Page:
Mr. Bubbles doesn't play around.

The sound effects are, for the most part, great. The gunshots all sound decent, yet a little underpowered- especially the machine gun. The shotgun is fantastic and always feels satisfying when firing off a shell into a Splicer or a Big Daddy but the rest just don't give you the same feeling. I guess it makes sense as these are not the modern day weapons we're used to hearing but still, it could be better. Everything else is top notch- from the sound of lighting or fire being discharged from your hand into an enemy to the sound of your wrench cracking a Splicer's head open. No matter how brutal or serene the sound effects may be, they're all fantastic.

Although you're mostly left in solitude, there is some voice acting that takes place, either from actual characters or from audio diaries left behind by the deceased. They all do a great job of keeping the story going and setting a specific mood. Each unique character is brought to life and given a certain attitude which is directly conveyed through their dialogue.

The story in BioShock is one of the best I've experienced in years. You play as Jack who crashes into the Atlantic Ocean during a flight and emerges as the sole survivor. You must then swim your way to the only thing you can see, which happens to be the entrance to Rapture. As you make your way deeper into the city you find that things didn't exactly go as planned. The city was initially built for those who shared the idea of creative freedom, not influenced by government and religion. Unfortunately, you find that the citizens have turned into creatures known as Splicers who have torn the city apart and will kill anyone they encounter (you). You are then greeted by a two way radio with a man named Atlas on the other end. He is one of few survivors in Rapture and agrees to help you make it out safely as long as you find and rescue his family in the process.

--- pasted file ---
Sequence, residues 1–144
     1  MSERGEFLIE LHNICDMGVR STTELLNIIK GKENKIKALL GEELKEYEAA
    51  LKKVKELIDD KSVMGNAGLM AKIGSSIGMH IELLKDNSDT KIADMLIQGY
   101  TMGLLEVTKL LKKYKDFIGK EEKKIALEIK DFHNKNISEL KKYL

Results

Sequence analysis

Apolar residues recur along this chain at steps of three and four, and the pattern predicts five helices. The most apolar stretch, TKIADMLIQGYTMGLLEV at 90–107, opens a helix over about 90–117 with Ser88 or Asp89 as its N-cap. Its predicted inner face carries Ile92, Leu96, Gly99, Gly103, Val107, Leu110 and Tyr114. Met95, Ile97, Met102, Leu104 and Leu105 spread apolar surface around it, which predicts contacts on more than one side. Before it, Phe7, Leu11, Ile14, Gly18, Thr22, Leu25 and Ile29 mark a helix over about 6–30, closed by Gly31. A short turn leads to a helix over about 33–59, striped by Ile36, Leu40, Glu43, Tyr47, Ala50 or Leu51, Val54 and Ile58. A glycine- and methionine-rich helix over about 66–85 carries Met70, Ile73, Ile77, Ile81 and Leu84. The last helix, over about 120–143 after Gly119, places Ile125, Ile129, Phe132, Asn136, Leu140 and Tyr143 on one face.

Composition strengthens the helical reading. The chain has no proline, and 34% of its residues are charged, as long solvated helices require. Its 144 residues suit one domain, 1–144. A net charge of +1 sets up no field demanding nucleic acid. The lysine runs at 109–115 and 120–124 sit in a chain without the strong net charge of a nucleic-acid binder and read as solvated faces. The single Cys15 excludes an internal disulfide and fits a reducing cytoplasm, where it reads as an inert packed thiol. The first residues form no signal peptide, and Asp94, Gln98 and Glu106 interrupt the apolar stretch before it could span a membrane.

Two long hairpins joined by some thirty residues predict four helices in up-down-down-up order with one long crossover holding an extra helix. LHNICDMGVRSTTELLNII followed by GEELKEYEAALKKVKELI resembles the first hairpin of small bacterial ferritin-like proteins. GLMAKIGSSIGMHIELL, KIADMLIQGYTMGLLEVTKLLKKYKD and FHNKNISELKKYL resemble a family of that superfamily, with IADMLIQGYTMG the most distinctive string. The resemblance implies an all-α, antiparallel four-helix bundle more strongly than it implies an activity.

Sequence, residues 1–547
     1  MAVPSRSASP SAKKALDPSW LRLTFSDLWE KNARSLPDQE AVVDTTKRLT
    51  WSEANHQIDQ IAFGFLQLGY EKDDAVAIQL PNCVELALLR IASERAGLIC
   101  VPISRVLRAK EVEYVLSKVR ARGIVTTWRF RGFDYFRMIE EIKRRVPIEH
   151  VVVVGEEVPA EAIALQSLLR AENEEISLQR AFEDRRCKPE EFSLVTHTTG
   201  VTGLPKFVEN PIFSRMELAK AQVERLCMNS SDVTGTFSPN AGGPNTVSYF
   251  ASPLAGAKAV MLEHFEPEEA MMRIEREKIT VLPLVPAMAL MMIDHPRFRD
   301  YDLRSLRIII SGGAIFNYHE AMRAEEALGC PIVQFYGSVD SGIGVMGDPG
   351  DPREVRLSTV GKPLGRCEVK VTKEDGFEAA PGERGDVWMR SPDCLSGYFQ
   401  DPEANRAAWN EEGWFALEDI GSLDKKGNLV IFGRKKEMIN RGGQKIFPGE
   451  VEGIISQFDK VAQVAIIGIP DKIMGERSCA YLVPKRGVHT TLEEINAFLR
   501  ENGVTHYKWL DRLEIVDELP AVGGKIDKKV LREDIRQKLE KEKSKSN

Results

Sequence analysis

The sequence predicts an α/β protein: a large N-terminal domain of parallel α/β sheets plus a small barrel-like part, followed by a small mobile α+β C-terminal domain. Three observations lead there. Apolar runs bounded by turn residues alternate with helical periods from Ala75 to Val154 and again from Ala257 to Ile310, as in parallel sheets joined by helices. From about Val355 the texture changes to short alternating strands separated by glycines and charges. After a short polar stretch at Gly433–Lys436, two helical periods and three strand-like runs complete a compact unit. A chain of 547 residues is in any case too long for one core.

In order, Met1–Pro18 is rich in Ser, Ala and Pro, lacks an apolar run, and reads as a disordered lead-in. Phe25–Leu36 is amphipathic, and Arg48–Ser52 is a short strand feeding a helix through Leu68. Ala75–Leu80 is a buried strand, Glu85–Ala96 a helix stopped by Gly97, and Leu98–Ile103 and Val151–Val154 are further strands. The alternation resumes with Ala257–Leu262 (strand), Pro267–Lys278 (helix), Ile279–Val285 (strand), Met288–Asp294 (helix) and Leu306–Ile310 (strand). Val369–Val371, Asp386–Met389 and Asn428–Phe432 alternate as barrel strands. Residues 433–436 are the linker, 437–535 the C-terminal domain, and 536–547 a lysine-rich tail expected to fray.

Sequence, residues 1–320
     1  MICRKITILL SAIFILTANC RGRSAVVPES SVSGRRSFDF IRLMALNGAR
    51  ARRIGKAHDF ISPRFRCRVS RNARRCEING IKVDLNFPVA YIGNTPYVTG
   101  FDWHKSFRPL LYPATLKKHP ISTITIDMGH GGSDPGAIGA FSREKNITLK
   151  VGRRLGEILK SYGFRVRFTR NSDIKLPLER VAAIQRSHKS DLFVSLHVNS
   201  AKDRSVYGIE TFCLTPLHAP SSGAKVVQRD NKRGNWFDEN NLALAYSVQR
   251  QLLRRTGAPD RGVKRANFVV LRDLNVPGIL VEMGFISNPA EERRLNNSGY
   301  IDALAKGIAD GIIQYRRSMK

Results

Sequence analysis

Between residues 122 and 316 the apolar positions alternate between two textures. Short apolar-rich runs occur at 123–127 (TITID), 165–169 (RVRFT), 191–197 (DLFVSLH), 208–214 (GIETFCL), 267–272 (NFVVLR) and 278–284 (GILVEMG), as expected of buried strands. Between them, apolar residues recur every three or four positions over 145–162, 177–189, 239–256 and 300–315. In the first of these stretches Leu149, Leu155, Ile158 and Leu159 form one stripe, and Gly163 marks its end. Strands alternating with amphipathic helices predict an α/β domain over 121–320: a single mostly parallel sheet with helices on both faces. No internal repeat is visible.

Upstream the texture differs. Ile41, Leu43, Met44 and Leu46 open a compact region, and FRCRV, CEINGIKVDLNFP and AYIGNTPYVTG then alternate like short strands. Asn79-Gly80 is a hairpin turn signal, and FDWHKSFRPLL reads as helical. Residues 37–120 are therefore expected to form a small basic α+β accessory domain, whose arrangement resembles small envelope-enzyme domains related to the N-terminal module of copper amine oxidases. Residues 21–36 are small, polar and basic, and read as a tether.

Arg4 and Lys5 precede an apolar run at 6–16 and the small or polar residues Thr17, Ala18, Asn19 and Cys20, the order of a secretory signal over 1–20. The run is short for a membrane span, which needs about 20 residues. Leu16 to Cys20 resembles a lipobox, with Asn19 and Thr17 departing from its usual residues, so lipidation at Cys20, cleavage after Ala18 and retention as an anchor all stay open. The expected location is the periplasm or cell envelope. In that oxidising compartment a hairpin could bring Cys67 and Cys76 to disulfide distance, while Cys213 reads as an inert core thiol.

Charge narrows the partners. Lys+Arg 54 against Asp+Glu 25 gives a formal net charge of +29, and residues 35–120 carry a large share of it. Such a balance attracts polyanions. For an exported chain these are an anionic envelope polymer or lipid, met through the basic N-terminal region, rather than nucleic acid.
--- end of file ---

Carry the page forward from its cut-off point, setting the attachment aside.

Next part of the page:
One reason why the story is so enjoyable is that you must figure out exactly what's happening as you go along. You only know as much as the main character does, which at the beginning is nothing. Along the way the story of what happened in Rapture is told through a series of audio diaries, which I mentioned before, and ghostly flashbacks. You'll also meet several interesting characters, some of which are your friends and most of which are your enemies. One of these characters is Andrew Ryan, the creator of Rapture and your main antagonist.

Most of the time you've got the story and game laid out right in front of you; you are good and this guy is bad. You have to make your way through the enemies and get to the bad guy. That is not at all how BioShock works. It appears to from the beginning but a series of twists and turns will change the game up dramatically every so often. BioShock offers something rare which is not just a story to go along with the gameplay (even if the story is good) but a story that is part of the overall experience.